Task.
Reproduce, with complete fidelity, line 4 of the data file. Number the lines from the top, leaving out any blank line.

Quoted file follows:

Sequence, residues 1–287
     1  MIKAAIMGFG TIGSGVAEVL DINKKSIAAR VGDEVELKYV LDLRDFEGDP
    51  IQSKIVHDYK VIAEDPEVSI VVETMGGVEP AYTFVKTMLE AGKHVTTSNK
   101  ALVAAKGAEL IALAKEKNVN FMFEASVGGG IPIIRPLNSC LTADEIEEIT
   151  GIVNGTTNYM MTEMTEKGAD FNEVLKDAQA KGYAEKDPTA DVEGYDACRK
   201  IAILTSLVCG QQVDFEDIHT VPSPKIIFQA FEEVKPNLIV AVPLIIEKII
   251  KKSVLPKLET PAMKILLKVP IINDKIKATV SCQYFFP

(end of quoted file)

   101  ALVAAKGAEL IALAKEKNVN FMFEASVGGG IPIIRPLNSC LTADEIEEIT